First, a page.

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Pests And Diseases of Jute

Stem girdling beetle Nupserha bicolor postbrunnea Dutt (Lamiidae:Coleoptera)

Distribution: Corchorus olitorius and C. capsularis are the two species of Jute cultivated in Assam, West Bengal, Orissa, Tripura and Uttar Pradesh which are attacked by this pest. It is particularly serious on C. olitorius.

Nature of damage: The adult beetle girdles the stem at two levels before it starts oviposition. This causes withering, drooping and death of the portion above the lower girdle to a length varying from 5 - 50 cm thus resulting in loss of fibre yield.

Management strategies

  • Spray application of phosalone 0.07% or endosulfan 0.07 % at fortnightly interval.
  • Removal and destruction of drooping stem portions and stem casings containing the larvae in diapause.
  • Growing of C. capsularis jute which is not preferred by the insect.

Jute weevil Apion corchori Mshll. (Apionidae: Coleoptera)

Distribution: The insect occurs in a serious form on jute in Bihar and U.P.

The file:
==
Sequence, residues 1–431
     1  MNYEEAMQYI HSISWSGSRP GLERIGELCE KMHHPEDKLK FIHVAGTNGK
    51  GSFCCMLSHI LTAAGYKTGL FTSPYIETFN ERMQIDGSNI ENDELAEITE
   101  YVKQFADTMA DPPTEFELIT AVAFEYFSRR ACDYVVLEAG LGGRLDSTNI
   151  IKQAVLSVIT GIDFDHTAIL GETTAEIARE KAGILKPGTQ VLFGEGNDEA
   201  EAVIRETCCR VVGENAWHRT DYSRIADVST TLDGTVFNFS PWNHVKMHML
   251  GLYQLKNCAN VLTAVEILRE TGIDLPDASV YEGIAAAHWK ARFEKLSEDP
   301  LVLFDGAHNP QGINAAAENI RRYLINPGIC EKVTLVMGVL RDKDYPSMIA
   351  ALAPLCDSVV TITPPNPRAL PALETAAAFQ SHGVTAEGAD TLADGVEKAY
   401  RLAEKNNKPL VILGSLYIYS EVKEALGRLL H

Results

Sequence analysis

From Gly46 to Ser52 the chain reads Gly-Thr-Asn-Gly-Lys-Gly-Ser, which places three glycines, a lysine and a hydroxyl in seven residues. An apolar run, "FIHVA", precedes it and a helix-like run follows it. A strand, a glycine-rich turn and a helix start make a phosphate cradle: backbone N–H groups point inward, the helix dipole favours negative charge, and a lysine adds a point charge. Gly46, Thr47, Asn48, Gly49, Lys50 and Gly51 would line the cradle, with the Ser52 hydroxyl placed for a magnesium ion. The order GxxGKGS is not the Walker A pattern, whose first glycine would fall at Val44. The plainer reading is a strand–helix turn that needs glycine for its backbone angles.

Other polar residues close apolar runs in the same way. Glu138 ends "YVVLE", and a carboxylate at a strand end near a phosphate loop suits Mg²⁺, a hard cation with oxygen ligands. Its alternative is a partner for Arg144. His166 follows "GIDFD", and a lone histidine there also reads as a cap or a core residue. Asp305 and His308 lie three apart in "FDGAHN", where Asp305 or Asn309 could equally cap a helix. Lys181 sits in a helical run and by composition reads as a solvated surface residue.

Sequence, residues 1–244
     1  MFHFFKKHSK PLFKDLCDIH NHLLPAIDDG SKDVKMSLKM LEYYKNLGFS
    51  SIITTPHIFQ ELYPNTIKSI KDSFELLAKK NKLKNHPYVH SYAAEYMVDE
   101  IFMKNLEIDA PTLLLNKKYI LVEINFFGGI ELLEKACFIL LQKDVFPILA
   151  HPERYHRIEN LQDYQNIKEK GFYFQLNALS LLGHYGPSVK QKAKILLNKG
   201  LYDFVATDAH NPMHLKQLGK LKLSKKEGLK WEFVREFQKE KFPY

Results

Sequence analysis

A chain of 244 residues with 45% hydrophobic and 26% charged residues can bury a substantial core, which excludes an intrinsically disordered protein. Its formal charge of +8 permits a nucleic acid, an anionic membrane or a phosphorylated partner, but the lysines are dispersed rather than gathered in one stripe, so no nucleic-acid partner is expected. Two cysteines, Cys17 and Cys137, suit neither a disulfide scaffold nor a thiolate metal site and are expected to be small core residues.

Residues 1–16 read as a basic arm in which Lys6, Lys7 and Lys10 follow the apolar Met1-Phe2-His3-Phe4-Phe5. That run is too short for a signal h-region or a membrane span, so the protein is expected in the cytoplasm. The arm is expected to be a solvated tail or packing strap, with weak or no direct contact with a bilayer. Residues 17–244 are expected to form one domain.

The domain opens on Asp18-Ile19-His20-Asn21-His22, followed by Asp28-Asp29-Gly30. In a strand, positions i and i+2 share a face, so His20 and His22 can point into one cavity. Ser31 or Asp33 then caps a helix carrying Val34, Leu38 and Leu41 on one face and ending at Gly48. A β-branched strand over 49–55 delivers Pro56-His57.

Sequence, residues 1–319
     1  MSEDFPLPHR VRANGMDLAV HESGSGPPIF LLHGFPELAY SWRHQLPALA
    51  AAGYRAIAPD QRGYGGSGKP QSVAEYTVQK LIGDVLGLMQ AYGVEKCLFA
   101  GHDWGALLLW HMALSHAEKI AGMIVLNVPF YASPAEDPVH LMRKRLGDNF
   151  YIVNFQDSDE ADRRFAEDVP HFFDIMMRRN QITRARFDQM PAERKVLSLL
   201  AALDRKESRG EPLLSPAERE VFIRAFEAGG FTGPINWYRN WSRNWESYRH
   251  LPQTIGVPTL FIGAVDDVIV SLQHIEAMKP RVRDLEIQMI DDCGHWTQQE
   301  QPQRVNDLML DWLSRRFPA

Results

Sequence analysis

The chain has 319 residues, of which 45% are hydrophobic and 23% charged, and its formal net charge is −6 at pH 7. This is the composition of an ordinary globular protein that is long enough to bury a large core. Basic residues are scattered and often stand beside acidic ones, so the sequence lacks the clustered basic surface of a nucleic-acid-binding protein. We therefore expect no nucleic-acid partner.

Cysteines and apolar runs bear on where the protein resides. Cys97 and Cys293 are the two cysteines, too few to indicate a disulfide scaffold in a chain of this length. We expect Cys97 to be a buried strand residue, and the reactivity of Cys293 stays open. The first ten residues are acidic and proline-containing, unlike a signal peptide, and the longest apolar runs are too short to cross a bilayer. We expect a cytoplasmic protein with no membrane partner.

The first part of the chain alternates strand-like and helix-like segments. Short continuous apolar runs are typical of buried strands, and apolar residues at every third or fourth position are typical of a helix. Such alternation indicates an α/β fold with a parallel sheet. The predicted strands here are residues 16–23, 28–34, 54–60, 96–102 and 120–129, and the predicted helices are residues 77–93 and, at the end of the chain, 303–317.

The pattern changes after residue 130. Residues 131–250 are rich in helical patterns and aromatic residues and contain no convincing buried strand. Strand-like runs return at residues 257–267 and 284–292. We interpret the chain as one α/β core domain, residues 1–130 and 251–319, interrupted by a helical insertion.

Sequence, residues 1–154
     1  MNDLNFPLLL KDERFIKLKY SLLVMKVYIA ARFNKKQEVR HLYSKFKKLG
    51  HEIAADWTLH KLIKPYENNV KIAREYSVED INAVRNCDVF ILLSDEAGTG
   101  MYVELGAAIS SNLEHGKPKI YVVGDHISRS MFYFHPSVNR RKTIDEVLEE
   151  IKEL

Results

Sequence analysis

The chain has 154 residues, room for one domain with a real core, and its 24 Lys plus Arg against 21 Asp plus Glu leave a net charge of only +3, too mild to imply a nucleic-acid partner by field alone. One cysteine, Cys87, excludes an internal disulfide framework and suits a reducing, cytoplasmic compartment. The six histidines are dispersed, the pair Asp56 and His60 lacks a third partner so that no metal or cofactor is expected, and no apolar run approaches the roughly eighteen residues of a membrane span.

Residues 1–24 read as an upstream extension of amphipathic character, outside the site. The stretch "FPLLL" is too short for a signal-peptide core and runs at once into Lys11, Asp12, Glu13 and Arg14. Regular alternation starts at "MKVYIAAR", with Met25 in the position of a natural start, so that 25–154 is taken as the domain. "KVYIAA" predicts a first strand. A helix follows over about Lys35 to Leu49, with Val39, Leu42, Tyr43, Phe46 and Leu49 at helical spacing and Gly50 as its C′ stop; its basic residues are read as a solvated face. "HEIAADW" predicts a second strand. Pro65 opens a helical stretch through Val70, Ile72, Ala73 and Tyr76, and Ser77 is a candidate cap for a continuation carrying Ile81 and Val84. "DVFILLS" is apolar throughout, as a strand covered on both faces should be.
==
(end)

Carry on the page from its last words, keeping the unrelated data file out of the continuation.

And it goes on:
Nature of damage: The adult weevil excavates a small hole on the stem and oviposits. The grubs tunnel into the pith. Due to damage a gall-like swelling is formed. C. capsularis is more susceptible to attack than C. olitorius.

Life history: The weevil is dull black or dark brown in colour and a female is capable of laying up to 675 eggs during an oviposition period of about 4 months. The egg, larval and pupal periods last for 3 – 5, 8 – 18 and 4 days respectively. Management strategies:

Spray application of phosalone 0.07% or endosulfan 0.07 or cypermethrin 0.005%.

Spodoptera exigua (Noctuidae: Lepidoptera)

Distribution: Has worldwide distribution which includes Europe, South Africa, America and the oriental region. In India, it is quite widespread, found attacking jute, indigo, Lucerne, lentil, cabbage, maize, cotton and gram.

Nature of damage: The caterpillars, on hatching, gather on the leaf surface, the epidermis of which they eat. At this young stage, they are also in the habit of webbing together either several leaflets or the margin of the same large leaf. At times, these webs give a shabby look to the crop. Within these webs the young larvae live gregariously only for two or three days and thereafter they separate and spread out.The feeding activity of grown up larva is generally confined to a few morning hours i.e. 9 to 11 a.m. and then again after 4 p.m. or so. They are very voracious and quite large patches of foliages are quickly stripped.

Management strategies:

  • Collection and destruction of egg masses.
  • Spray application of phosalone 0.07% or endosulfan 0.07% or cypermethrin 0.005%.

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